Sneak peek at my piece for BeinArt Gallery on Jan. 14th! It is a very Audubon inspired piece and my first piece using predominately watercolor instead of ink. I can’t wait to show you all the pieces I have been working on for January!
A Heliconius erato demophoon butterfly feeds on a flower in this photo released on June 1st 2016. A gene responsible for the colours and colour patterns on the wings of butterflies and moths has been independently identified in two separate studies published in this weeks ‘Nature’. This gene, and a mutation associated with it, controlled the darkening of the peppered moth that took place during the Industrial Revolution, and the gene is also responsible for the natural colour pattern variation in certain butterfly species. Credit: AFP/Nature/Dept. of Animal and Plant Sciences/University of Sheffield/Nicola Nadeau
Darwin’s Theory of Evolution does not state that the strongest survive.
“Survival of the fittest” means “survival of whoever is best adapted to that environment”.
That means anything from having slightly better camouflage to jumping higher or being the first one to hide at the sign of danger.
A good example of this is the peppered moths in England during the industrial revolution:
Trees that are naturally light became dark from soot, so the white peppered moth population (which had thus far been very successful) declined sharply in areas that had factories that burned coal, while the black peppered moths (which were relatively rare) became the more successful of the two.
This adaptability to different environments is is one of the possible ways a species can break off into two different species (if given enough millions of years to adapt, of course).
The moth’s shown above are two different kinds of Peppered Moths. Before the industrial evolution in England the black moth was rare, and the white moth (circled on the left) thrived with it’s better camouflage. After the industrial revolution covered much of the country side in soot, the black moths began to thrive, and the white moth’s became rare.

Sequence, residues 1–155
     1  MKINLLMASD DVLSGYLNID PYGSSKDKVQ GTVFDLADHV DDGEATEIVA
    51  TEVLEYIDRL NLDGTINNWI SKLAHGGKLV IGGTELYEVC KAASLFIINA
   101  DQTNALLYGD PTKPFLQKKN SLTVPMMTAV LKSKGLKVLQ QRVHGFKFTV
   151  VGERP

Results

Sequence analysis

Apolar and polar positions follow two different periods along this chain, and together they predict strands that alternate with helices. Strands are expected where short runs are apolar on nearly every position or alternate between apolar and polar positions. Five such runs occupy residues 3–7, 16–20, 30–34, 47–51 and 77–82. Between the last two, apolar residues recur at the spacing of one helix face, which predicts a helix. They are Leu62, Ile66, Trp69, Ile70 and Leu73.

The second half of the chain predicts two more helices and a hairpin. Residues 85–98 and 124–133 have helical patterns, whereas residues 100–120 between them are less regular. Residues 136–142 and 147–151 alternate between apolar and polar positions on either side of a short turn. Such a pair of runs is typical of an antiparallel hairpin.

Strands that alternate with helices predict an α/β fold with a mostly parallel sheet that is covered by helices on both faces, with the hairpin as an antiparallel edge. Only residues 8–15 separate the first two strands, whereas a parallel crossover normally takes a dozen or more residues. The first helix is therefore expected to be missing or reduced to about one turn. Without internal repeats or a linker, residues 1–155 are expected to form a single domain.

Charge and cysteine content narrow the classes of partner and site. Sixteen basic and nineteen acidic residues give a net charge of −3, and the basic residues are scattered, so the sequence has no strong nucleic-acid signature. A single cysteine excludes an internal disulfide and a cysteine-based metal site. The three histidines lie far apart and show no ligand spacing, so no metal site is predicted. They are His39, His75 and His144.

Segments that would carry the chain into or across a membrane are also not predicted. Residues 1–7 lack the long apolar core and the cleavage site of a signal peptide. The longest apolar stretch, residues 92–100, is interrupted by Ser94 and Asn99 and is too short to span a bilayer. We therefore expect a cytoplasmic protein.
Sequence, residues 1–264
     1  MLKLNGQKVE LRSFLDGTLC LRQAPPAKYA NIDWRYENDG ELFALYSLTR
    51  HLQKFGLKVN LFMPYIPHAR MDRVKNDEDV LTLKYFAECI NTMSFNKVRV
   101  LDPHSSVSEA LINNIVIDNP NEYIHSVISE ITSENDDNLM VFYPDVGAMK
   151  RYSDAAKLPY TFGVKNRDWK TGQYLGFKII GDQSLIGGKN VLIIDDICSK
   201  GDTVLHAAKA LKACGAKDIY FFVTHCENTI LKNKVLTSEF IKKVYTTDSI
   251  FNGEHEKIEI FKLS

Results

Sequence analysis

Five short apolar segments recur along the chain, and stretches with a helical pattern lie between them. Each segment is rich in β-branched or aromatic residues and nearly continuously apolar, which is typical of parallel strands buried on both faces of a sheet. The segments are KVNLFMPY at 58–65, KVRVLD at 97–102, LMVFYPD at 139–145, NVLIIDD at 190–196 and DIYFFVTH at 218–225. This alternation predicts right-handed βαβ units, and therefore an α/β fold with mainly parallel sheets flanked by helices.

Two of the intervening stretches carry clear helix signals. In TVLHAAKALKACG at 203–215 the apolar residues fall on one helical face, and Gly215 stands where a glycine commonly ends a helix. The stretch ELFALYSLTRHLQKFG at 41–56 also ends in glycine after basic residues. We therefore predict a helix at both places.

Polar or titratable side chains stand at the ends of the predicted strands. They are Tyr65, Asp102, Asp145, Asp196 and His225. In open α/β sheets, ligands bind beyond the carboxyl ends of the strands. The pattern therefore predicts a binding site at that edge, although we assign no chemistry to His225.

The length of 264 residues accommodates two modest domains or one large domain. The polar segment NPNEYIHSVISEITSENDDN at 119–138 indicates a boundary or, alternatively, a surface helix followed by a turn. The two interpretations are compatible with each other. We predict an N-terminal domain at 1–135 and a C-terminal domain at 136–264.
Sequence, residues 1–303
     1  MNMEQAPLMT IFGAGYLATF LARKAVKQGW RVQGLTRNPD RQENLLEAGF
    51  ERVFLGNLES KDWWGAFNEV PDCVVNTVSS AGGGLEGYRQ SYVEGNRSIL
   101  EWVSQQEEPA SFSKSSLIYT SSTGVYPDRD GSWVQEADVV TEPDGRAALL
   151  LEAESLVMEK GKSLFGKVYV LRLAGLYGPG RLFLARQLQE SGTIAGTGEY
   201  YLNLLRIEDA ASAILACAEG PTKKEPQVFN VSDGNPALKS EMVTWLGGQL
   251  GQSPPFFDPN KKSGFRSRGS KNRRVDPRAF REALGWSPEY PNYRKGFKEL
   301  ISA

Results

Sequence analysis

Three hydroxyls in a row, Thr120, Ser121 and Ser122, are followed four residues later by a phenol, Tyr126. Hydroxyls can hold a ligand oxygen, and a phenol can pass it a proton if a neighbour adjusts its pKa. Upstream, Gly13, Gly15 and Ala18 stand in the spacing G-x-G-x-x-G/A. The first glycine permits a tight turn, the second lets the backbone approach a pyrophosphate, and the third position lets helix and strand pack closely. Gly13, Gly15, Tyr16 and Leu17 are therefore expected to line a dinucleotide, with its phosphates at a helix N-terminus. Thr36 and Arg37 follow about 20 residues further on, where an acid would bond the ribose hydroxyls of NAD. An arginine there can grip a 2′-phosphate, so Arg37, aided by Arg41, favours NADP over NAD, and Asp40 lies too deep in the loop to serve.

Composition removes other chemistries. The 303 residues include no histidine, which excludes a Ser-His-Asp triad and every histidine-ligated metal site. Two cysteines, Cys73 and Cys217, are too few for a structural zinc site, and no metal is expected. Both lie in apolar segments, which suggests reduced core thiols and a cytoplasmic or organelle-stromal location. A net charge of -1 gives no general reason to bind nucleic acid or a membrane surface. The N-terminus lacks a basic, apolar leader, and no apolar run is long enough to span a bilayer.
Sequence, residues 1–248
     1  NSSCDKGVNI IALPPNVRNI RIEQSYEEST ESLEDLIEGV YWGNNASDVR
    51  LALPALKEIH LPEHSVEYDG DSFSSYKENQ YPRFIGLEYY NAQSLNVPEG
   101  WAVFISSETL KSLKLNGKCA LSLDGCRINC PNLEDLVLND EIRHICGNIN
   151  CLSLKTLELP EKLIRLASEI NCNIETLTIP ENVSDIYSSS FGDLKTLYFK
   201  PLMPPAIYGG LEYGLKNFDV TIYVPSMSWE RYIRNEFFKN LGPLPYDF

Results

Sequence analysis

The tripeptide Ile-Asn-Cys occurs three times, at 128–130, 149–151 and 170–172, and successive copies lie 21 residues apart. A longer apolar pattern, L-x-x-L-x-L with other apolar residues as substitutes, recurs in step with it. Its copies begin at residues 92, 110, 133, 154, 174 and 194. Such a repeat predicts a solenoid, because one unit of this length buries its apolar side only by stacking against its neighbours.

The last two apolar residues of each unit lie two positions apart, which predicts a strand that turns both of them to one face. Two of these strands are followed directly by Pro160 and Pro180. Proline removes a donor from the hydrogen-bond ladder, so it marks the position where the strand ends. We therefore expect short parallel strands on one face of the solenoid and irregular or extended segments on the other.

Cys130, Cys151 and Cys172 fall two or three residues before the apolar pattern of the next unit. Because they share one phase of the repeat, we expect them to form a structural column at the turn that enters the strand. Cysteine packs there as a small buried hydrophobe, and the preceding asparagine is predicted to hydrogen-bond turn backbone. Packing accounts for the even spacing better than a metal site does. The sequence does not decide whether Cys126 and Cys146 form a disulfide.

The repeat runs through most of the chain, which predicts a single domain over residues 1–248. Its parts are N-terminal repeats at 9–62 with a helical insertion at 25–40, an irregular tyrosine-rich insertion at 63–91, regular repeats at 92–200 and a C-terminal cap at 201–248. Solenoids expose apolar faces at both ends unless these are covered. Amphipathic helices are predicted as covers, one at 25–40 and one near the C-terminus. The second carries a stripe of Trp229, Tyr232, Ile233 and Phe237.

This is a prime example of natural selection, as well as evolution. The moth’s that are better able to camouflage are the ones that thrive.
The cows stood in a thunder-cloud of flies As, lagging through the field with trailing feet, I kicked up scores of skipper butterflies That hopped a little way, lazy with heat.
The wood I sought was in deep shelter sunk, Though clematis leaves shone with a glossy sweat And creeping over ground and up tree-trunk The ivy in the sun gleamed bright and wet.
Trees with the soot of August suns were black, Though splashed in places with a bright fire-light: I praised the daemon of that dim wood-track Where pepper moths were flittering by night.
Songs brief as Chinese poems the birds sung; And insects of all sheens, blue, brown and yellow, Darted and twisted in their flight and hung On air that groaned like hoarse sweet violoncello.
No leaf in the least breath of wind was turning, And foliage hung on trees like heavy wigs; White suns fringed with long rainbow hairs were burning Inflammable leaves and the light-blackened twigs.
From that small sun patching the wood with light – O strange to think – hung all things that have breath, Trees, insects, cows, even moths that fly by night And man, and life in every form – and death.